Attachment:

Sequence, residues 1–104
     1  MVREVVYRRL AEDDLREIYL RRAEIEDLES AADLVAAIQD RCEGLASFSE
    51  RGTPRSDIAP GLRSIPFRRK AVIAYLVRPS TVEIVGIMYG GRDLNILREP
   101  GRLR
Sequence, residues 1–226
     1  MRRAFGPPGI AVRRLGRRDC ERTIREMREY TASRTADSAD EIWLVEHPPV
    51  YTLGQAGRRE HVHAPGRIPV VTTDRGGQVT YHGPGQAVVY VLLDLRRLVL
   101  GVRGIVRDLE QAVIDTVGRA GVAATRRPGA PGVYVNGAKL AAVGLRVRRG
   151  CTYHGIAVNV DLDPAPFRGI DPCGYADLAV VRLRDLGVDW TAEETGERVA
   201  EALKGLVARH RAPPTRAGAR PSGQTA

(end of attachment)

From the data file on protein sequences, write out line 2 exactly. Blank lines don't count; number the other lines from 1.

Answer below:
     1  MVREVVYRRL AEDDLREIYL RRAEIEDLES AADLVAAIQD RCEGLASFSE